Aboard the Resolution and Pandalus, the standard survey gear is the 400-mesh eastern otter trawl.  This net has a 21-m headrope and 29-m footrope which lacked roller gear making it well suited for sampling relatively smooth and soft bottom types.  The dandylines are 45.7 m long, consisting of one 18.3-m section and a double 27.4-m section, one attached to the top and the other to the bottom of each net wing.  The 1.5 X 2.1 steel V-doors weigh approximately 340 kg each.  This net was designed to sweep a path of approximately 12 m.

By Eric Brown and Harold Zenger.

Bottom Trawl Survey of West Coast: Upper Continental Slope Groundfish Resources

The RACE North Pacific Groundfish Team conducted a bottom trawl survey of the groundfish resources of the West Coast upper continental slope (WCUCS) between the U.S.-Canada border and Point Arguello (lat. 3450’N) in waters 183-1,280 m deep from  20 October to 25 November aboard the NOAA ship Miller Freeman.  This was the tenth survey in an ongoing series to monitor long-term trends in the distribution and abundance of WCUCS groundfish populations.  Resource information for management purposes is needed for several WCUCS species including sablefish (Anoplopoma fimbria), shortspine thornyhead (Sebastolobus alascanus), longspine thornyhead (S. altivelis), and Dover sole (Microstomus pacificus).  The survey area was expanded this year to cover a much broader section of the West Coast compared to prior years when only different contiguous sections were trawled each year.  In order to complete the survey in the given amount of time, we reduced the sampling density by one-third.  It was also the third consecutive year that the WCUCS groundfish trawl survey used slight modifications in trawl gear and towing protocol.  Instituted in 1995, these changes better standardized sampling techniques and help to stabilize gear performance.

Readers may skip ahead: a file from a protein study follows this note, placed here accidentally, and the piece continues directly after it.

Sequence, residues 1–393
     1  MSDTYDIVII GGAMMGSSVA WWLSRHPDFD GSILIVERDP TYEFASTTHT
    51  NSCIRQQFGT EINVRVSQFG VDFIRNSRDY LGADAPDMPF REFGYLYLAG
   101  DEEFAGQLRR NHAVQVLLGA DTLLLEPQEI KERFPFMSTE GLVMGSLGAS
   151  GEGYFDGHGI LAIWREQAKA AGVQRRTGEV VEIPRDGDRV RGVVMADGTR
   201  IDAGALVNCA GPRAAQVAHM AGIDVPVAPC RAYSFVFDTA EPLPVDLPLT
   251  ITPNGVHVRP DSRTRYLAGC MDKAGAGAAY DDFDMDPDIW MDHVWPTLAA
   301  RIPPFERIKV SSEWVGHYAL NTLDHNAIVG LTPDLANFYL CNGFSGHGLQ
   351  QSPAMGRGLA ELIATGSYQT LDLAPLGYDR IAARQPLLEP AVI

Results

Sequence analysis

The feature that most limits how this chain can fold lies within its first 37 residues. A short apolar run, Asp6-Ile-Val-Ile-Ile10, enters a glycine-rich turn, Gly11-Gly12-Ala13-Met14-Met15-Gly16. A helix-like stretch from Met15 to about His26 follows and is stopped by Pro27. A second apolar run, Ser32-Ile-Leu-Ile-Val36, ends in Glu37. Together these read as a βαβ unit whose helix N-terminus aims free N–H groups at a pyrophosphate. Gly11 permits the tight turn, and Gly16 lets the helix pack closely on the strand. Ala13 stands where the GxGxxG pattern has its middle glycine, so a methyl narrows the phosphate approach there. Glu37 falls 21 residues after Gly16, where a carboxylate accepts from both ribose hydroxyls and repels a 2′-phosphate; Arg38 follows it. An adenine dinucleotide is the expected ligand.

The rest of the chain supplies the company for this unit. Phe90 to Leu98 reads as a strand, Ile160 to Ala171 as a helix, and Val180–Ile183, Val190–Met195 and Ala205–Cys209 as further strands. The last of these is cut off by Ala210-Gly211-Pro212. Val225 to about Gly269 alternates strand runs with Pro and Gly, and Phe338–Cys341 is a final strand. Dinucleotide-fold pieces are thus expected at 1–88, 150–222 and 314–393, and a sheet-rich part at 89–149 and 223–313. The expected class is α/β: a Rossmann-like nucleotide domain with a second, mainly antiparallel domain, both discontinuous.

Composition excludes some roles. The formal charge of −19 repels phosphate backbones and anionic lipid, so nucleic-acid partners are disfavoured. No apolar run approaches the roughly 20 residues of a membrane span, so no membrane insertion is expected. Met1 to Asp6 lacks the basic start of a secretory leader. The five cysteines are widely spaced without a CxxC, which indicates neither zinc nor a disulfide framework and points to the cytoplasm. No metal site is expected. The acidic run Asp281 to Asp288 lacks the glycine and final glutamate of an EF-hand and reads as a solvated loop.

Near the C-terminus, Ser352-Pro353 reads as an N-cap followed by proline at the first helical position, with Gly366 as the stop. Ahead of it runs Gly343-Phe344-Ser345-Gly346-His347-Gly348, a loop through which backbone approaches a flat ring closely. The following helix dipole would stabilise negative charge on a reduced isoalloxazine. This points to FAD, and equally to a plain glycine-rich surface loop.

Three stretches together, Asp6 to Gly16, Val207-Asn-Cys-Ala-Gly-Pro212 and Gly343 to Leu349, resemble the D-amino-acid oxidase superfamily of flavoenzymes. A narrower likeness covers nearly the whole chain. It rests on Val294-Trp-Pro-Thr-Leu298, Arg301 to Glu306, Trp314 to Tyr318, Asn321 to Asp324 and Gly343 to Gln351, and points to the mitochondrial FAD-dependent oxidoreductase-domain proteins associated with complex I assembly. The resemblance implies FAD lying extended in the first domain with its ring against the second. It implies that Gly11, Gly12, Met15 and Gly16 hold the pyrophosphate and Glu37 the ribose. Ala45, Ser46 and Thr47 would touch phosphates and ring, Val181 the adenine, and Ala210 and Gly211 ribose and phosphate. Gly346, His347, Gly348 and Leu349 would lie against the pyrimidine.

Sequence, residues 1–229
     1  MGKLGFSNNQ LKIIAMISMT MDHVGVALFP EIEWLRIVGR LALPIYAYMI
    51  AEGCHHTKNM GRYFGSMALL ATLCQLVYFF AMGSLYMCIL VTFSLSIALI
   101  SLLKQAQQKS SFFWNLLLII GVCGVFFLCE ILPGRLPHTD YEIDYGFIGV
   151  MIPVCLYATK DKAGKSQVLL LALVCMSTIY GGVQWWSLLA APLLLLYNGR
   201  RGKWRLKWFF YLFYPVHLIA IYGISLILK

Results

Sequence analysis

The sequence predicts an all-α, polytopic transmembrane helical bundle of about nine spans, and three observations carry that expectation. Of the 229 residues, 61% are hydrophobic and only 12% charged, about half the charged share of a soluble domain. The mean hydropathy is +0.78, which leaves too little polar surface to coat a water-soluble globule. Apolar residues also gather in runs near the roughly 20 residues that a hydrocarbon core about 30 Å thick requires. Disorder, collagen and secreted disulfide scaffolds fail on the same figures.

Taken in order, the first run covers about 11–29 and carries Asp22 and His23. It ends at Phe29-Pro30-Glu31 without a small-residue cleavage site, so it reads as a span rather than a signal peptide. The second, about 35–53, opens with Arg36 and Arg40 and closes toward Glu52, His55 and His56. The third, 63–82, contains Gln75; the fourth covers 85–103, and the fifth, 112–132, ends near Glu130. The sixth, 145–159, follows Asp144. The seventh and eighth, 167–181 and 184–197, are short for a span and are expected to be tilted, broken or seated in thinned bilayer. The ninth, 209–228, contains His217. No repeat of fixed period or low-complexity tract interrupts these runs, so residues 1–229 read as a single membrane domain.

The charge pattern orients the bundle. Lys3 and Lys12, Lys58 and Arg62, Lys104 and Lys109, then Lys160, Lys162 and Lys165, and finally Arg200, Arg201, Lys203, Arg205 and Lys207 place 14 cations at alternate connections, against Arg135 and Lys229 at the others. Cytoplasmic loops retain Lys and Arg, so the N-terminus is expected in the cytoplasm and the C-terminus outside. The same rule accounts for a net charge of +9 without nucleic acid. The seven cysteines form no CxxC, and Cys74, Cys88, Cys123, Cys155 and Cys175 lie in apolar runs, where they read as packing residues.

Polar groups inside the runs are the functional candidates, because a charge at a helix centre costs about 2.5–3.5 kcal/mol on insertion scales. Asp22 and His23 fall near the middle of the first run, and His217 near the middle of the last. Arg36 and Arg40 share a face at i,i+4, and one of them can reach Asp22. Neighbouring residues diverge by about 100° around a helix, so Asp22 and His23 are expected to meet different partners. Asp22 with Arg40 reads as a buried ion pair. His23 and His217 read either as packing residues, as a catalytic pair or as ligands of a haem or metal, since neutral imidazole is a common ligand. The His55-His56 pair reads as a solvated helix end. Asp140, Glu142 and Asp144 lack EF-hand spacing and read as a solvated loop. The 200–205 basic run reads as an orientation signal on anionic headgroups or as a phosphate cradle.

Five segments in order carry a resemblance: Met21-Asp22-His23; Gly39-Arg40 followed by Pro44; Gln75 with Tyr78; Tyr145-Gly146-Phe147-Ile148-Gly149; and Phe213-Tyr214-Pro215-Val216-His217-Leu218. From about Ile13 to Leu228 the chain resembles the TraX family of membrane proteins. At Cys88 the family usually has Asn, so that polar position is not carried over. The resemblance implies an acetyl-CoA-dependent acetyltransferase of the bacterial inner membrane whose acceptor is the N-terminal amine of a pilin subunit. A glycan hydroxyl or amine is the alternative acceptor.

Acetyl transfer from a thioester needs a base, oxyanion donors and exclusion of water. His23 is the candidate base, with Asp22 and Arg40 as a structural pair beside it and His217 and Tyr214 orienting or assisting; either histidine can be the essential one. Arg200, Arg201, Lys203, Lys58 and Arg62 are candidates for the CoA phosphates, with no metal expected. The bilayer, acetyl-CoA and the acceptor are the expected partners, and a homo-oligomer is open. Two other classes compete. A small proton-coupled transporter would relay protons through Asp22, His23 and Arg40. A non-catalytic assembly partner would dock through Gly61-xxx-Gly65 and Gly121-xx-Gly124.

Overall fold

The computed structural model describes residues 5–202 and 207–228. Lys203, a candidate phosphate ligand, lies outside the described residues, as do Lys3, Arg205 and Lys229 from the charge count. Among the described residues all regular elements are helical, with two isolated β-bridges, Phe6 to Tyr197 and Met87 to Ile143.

By Bob Lauth.

Seabed Composition as It Relates to Survey Design

The North Pacific Groundfish Team of the RACE Groundfish Program has been conducting a retrospective analysis of NMFS triennial bottom trawl surveys conducted along the West Coast from 1977 to 1995.  It is expected that the combined results of this study will lead to a better understanding of how our survey samples groundfish populations off the west coast of the United States.